How Boltzmann Machines Work, Part 2 (Artificial Intelligence) | by Monodeep Mukherjee | October 2022

  1. Improved Gaussian-Bernoulli restricted Boltzmann machines for UAV-to-ground communication systems(arXiv)

Author : Osamah A. Abdullah, Michael C. Batistatos, Hayder Al-Hraisawi

Summary : Unmanned aerial vehicles (UAVs) are steadily growing as a promising technology for next-generation communication systems due to their attractive features such as wide high-altitude coverage, low-cost on-demand deployment, and quick responses. UAV communications are fundamentally different from conventional terrestrial and satellite communications due to the high mobility and unique channel characteristics of air-to-ground links. However, obtaining effective channel state information (CSI) is difficult due to the dynamic propagation environment and variable transmission delay. In this paper, a deep learning (DL)-based CSI prediction framework is proposed to solve the channel aging problem by extracting the most discriminating features from UAV wireless signals. Specifically, we develop a Bernoulli Gaussian Restricted Multiple Boltzmann Machine (GBRBM) procedure for dimension reduction and using pre-training incorporated into an autoencoder-based deep neural network (DNN). To evaluate the proposed approach, real data measurements from a UAV communicating with base stations within a commercial cellular network are obtained and used for training and validation. The numerical results demonstrate that the proposed method is accurate in acquiring channels for various UAV flight scenarios and outperforms conventional DNNs.

2.Learning a Restricted Boltzmann Machine Using Biased Monte Carlo Sampling (arXiv)

Author : Nicolas Béreux, Aurélien Decelle, Cyril Furtlehner, Beatriz Seoane

Summary : Restricted Boltzmann machines are simple and powerful generative models that can encode any complex dataset. Despite all their advantages, in practice the formations are often unstable and it is difficult to assess their quality because the dynamics are affected by extremely slow temporal dependencies. This situation becomes critical when dealing with low-dimensional clustered datasets, where the time required to ergodically sample the trained models becomes computationally prohibitive. In this work, we show that this divergence of Monte Carlo mixing times is related to a phenomenon of phase coexistence, similar to that which occurs in physics near a first-order phase transition. We show that sampling the equilibrium distribution using the Markov chain Monte Carlo method can be significantly accelerated when using biased sampling techniques, in particular the Tethered Monte Carlo method ( TMC). This sampling technique effectively solves the problem of assessing the quality of a given trained model and generating new samples in a reasonable time. Moreover, we show that this sampling technique can also be used to improve log-likelihood gradient computation during training, leading to dramatic improvements in training RBMs with artificial clustered datasets. On real low-dimensional datasets, this new learning method fits RBM models with significantly faster relaxation dynamics than those obtained with standard PCD recipes. We also show that TMC sampling can be used to recover the free energy profile of the RBM. This is extremely useful for calculating the probability distribution of a given model and for improving the generation of new uncorrelated samples in slow PCD-trained models.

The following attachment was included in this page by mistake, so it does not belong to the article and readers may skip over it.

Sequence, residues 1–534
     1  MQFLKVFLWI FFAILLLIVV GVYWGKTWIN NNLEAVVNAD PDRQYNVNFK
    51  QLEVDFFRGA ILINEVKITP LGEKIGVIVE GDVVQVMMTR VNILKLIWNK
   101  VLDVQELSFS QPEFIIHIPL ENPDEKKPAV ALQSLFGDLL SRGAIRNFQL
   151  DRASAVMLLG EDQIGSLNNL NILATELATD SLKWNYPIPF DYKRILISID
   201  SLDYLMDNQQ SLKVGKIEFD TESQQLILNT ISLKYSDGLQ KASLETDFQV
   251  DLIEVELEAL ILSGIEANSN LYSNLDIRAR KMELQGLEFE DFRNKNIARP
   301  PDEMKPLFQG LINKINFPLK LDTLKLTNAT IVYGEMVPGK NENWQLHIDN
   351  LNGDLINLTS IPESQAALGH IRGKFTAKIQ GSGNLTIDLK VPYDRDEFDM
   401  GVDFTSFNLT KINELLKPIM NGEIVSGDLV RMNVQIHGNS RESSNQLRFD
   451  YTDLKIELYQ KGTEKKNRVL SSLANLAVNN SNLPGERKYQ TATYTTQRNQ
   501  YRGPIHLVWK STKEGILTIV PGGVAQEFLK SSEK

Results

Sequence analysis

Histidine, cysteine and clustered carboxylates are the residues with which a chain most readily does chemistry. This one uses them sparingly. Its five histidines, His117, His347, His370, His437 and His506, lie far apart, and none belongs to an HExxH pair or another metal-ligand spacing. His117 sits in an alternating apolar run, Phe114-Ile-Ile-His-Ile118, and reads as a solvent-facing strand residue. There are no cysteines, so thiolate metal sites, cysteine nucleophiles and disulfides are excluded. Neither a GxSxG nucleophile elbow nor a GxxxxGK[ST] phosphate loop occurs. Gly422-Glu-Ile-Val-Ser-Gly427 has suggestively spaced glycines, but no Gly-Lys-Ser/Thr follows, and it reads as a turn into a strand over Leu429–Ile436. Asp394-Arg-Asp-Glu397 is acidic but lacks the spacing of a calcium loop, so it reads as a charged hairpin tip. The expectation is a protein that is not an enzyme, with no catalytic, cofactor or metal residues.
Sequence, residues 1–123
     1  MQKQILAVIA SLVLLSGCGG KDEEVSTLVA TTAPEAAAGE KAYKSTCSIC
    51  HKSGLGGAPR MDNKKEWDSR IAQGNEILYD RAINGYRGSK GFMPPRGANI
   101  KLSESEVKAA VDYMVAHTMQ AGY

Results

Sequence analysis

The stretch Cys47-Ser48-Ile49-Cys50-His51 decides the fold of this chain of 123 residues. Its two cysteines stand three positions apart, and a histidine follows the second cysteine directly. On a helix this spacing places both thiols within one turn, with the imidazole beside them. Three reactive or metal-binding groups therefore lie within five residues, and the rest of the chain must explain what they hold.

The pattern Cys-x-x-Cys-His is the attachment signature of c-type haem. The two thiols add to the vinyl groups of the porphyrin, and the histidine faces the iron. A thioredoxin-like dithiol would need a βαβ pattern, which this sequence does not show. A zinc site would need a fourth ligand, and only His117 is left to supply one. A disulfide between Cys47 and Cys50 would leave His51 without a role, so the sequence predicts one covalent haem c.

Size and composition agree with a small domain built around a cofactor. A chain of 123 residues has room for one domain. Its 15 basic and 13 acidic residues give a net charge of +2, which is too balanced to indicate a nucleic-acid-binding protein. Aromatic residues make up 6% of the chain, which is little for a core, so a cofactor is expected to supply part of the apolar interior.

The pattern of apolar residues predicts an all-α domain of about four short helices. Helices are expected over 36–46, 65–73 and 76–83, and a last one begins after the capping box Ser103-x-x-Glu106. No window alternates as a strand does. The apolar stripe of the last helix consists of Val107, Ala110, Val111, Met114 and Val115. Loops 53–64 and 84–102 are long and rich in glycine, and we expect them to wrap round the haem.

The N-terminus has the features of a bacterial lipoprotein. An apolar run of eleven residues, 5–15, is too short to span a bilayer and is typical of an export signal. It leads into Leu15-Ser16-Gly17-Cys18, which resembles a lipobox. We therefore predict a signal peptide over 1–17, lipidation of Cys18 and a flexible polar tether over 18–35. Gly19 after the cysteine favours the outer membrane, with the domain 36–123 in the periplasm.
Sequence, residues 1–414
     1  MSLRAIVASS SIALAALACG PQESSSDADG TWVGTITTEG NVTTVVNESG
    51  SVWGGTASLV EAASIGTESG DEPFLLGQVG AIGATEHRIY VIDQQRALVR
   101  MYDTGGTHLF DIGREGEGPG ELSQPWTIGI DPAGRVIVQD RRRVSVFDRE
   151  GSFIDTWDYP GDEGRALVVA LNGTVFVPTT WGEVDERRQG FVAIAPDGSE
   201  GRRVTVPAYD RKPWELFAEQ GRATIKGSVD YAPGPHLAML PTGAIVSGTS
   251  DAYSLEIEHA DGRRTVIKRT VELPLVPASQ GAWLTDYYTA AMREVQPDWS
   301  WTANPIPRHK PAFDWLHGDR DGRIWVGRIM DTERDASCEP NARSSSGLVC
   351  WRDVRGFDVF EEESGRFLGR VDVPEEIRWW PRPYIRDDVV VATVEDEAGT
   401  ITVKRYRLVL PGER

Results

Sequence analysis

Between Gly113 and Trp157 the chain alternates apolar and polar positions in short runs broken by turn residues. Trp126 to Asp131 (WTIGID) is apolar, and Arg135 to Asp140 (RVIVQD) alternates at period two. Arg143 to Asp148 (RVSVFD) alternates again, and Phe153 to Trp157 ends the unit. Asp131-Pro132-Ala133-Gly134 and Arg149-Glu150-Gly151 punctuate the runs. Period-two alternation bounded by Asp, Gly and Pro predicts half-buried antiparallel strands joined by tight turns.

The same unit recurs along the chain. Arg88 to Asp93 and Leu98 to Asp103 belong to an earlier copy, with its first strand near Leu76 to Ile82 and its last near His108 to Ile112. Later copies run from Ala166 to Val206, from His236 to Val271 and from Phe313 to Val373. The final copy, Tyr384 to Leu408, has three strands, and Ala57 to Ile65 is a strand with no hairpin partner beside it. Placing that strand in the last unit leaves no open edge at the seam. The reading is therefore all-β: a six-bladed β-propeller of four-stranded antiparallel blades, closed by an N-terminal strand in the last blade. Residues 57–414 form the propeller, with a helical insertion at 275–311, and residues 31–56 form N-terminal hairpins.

3.Pattern reconstruction with restricted Boltzmann machines (arXiv)

Author : Giuseppe Genovese

Summary : Restricted Boltzmann machines are energy models consisting of a visible layer and a hidden layer. We identify an effective energy function describing the zero temperature landscape on the visible units and depending only on the tail behavior of the hidden layer prior distribution. By studying the location of the local minima of such an energy function, we show that the ability of a restricted Boltzmann machine to reconstruct a random pattern indeed depends only on the tail of the hidden prior distribution. We find that hidden priors with strictly super-Gaussian tails give only a logarithmic loss in pattern recovery, whereas efficient recovery is much more difficult with hidden units with strictly sub-Gaussian tails; if the hidden prior has Gaussian tails, the recoverability is determined by the number of hidden units (as in the Hopfield model)

James G. Williams